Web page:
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Tuesday, October 18, 2016

The Friend We Need When Forgiveness Is Foreign

NATURAL to our instincts… forgiveness certainly is not. In a recent survey of over five-thousand, more people said it was easier to hold a grudge than forgive. That speaks to much of our experience.
None of us finds forgiveness easy for the pure fact that the stakes are irretrievably high.
Wherever there’s the challenge to forgive there’s loss.
Grieving loss is about reconciliation.
Forgiveness gets us along the way to reconciliation, and faith is the friend we need.
So, faith helps us forgive, forgiveness helps reconciliation, which helps us grieve loss.
Losses take us into a foreign land far from the central knowledge we have of ourselves. Loss affects us at the level of our core values. None of us expects life to be so harsh as to land us in a place of no return. Our core values involve the assumption that we’ll always be safe. And loss takes us distally out atop the choppy wash far from the shore which is safe land.
To forgive is to lose. But we cannot win unless we forgive. Wisdom decrees we must endure loss to experience victory.
Loss is that place of no return where a new normal we never wanted to begin with must be engineered and procured.
So, if we accept that forgiveness is an inherent part of reconciling loss — and there are possibly many threads to reconcile — and we accept that forgiveness is foreign — we have a head start in at least acknowledging how hard things actually are.
Forgiveness, it has to be said, is interminably hard.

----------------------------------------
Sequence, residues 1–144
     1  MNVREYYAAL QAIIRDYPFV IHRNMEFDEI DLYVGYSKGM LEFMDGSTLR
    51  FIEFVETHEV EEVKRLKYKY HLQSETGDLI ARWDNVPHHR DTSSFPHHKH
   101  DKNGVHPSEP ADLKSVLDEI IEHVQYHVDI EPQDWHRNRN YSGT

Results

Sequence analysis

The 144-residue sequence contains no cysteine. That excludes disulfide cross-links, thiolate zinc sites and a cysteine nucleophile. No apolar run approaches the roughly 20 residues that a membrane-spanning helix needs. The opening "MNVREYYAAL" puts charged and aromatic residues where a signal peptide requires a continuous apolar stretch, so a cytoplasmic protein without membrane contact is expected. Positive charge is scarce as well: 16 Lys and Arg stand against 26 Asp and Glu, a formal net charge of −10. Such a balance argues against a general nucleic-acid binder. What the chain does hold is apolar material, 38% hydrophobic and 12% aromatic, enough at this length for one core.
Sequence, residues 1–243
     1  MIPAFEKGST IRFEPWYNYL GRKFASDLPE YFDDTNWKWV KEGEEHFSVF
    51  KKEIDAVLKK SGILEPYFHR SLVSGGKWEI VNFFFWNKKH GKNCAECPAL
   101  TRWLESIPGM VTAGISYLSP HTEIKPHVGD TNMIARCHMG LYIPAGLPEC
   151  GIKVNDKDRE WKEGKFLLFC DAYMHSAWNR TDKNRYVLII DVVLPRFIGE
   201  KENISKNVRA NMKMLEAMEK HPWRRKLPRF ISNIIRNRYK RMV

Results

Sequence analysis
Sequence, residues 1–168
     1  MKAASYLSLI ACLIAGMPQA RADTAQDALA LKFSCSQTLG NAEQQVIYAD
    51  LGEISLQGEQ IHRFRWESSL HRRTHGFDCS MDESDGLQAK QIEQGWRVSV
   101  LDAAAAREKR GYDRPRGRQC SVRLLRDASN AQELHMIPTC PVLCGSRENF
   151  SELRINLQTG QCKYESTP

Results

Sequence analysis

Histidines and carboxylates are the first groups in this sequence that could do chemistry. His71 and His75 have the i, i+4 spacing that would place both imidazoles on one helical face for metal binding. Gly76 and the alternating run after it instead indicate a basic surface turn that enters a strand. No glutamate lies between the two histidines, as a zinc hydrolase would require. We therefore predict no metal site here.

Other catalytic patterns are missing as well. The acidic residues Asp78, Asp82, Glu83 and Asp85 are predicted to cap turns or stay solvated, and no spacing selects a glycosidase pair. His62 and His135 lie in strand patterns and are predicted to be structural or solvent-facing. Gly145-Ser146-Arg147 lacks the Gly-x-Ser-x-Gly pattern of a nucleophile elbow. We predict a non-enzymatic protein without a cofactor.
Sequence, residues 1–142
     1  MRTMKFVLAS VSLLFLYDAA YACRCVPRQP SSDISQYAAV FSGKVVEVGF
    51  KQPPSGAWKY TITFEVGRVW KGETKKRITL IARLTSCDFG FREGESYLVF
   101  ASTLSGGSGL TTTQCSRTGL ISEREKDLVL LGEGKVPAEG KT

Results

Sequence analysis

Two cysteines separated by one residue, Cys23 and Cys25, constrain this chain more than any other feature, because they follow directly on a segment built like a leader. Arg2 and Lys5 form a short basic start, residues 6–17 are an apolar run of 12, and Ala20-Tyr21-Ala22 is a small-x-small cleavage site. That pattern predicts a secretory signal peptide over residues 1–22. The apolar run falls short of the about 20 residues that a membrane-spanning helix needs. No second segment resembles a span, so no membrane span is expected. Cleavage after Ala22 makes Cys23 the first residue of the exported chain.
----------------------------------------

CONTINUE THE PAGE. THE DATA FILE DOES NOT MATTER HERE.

It’s a miracle to actually achieve forgiveness; an outcome of God’s grace bestowed. But, when it’s achieved, forgiveness is a vital command post for reconciliation. We have an important vantage point for reconciling our inner discord, then the relationship, and for forging a new way of life.
Reconciliation starts when we have forgiven.
And faith is no substitute as a friend who helps when forgiveness is foreign.
Faith is no generalised concept. It’s a real action-oriented vestibule of hope and love. Faith blends hope for a better future with love that compels a present action.
When life’s hard and seemingly impossible at times, for the gravity of loss is starker than we ever thought pain could be, faith is the risk we have to take. Faith generates hope, but faith also sows in hope. And hope fuels faith. Love is an output of faith.
We take such a risk of faith only on a stronger day.
A weaker day in loss makes grief insurmountable. Days like this we’re gentle with ourselves.
But stronger days are days to advance the vision for what could be — a future we might hope for, but probably cannot yet see.
Wisdom is in picking the right day.
Knowing forgiveness is hard helps us not force the pace beyond God’s will. God will heal us, but forgiveness is a process, and sometimes it can take years. We learn to praise God when forgiveness comes easier, which is always a miracle of God’s grace; a thing we can no easier explain than simply experience.
Safety in forgiveness is not fighting our feelings, but being gently inquisitive of our struggles, whilst being willing to push ahead when it comes easier.
What a wonderful thing to be inspired to forgive. We need to make the most of those God-indwelled moments. Suddenly there’s the moment of humility to call things for what they are; those things we can take some direct responsibility for. Taking responsibility is receiving blessing.
Forgiveness is foreign to our nature, but, when we adopt God’s nature, forgiveness becomes natural and healing.
Progress is about reconciliation, as forgiveness, which requires humility, which is honesty.
Faith is the friend we need when forgiveness is foreign.
Faith will get us to forgive when every other ‘friend’ makes forgiveness foreign.

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